Additional German government support has been offered to Lufthansa in its bid to acquire the bulk of rival Air Berlin.
The country’s economy minister Brigitte Zypries reportedly welcomed the move despite opposition from Ryanair chief executive Michael O’Leary who argues that the process is going too fast to give others a fair chance to bid.
Lufthansa is not able to acquire all for Air Berlin because that would create a dominant position in German, but it is in poll position for talks ahead of other potential bidders.
The German government has granted Air Berlin a €150 million bridging loan to keep it flying for up to three months after it filed for administration.
Air Berlin chief executive Thomas Winklemann said: “We want to settle the sale in September at the latest, otherwise customers’ trust in the airline will vanish.”
Zypries told German business newspaper Handelsblatt: “Lufthansa is already an aviation champion – its position can be strengthened further though.”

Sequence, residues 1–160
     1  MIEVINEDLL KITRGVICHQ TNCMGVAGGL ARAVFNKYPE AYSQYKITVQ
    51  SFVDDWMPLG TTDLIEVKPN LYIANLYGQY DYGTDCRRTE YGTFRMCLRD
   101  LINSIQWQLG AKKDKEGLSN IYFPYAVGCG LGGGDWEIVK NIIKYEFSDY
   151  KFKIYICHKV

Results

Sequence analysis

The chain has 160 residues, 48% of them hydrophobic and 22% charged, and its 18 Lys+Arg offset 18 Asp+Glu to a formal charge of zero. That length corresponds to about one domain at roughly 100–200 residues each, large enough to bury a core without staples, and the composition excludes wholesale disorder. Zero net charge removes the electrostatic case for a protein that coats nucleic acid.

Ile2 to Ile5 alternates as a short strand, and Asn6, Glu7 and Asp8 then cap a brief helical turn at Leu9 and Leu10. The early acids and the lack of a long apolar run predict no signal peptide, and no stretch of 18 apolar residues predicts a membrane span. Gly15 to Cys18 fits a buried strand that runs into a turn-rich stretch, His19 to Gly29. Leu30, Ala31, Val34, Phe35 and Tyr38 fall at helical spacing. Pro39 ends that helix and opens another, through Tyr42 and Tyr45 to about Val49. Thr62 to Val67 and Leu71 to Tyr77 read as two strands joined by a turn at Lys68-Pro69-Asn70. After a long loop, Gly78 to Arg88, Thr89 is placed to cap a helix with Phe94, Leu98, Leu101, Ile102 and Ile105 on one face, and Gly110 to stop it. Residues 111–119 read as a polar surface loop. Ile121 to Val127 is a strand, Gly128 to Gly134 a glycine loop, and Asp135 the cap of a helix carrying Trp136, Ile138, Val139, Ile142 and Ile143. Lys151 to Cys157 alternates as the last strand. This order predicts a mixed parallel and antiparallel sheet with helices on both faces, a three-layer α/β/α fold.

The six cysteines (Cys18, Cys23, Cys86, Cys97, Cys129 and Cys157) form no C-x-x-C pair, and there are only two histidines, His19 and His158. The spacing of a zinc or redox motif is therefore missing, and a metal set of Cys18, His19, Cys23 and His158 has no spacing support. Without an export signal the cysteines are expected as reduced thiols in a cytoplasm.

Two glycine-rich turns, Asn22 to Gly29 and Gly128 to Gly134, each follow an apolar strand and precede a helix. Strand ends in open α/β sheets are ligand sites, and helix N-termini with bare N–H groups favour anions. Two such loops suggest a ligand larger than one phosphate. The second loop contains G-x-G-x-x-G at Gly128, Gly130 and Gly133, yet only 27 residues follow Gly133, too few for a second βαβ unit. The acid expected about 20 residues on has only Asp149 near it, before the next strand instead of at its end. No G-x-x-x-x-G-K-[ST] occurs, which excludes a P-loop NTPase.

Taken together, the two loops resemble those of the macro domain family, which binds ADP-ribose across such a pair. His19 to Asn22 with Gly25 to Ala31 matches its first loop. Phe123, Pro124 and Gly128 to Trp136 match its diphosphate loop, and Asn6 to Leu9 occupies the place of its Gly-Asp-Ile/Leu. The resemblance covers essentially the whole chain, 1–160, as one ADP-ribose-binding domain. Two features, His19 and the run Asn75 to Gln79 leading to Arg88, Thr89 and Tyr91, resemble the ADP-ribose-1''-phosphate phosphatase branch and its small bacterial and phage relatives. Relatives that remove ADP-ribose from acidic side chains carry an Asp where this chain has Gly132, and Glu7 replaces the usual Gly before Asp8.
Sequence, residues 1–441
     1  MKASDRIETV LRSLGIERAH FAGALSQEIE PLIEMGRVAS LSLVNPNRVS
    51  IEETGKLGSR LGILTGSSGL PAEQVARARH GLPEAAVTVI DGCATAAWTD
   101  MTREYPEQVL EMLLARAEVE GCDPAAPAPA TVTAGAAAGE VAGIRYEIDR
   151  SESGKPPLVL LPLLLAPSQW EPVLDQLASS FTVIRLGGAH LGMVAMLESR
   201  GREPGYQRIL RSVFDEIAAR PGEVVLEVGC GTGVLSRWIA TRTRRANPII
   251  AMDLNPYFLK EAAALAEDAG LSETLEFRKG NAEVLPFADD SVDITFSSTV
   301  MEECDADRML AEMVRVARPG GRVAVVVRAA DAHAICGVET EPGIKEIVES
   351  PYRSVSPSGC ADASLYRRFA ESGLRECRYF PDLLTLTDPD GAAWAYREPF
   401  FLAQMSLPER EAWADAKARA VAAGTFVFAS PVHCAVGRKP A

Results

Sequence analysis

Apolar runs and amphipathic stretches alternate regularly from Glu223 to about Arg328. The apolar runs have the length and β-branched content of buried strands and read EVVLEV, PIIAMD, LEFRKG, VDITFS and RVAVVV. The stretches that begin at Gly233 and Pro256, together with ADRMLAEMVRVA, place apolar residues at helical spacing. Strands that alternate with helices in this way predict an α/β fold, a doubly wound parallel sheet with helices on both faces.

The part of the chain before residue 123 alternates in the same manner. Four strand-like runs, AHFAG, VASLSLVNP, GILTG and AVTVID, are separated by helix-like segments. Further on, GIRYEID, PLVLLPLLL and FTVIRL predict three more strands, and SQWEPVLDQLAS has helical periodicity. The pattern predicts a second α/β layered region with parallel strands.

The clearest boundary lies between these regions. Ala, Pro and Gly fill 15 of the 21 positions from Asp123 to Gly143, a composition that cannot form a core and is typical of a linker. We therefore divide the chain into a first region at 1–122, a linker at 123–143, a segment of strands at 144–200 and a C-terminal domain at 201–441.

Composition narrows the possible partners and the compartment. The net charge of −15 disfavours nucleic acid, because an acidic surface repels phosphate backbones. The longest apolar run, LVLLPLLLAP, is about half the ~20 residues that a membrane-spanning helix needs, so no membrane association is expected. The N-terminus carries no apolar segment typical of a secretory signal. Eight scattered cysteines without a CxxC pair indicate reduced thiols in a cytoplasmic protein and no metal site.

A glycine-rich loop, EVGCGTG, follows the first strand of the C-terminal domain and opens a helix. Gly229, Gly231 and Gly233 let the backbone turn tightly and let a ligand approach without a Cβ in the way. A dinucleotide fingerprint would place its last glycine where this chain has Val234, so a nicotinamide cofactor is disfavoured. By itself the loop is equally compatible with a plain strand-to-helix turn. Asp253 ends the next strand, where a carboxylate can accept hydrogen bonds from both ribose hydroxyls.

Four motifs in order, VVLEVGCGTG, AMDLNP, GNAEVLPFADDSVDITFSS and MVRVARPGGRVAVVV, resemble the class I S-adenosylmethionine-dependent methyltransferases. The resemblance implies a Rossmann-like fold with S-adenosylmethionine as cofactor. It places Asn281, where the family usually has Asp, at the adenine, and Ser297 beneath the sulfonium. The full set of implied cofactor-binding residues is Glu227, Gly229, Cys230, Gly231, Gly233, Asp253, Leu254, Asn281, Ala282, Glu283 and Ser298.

She added: “It’s absurd to suggest that the federal government is in bed with Lufthansa.”
A spokesman for the ministry later told The Times that it had no preferred bidder.
“Air Berlin is leading the negotiations. The government is neither for or against any of the interested parties,” he said.
Lufthansa – which already leases 38 of Air Berlin’s 140 aircraft – could take on up to 70 aircraft with as many as 3,000 crew for its low-cost subsidiary Eurowings, Bild in Germany reported.
Other bidders of parts of Air Berlin are though to include easyJet, Thomas Cook’s German airline Condor and Tui.
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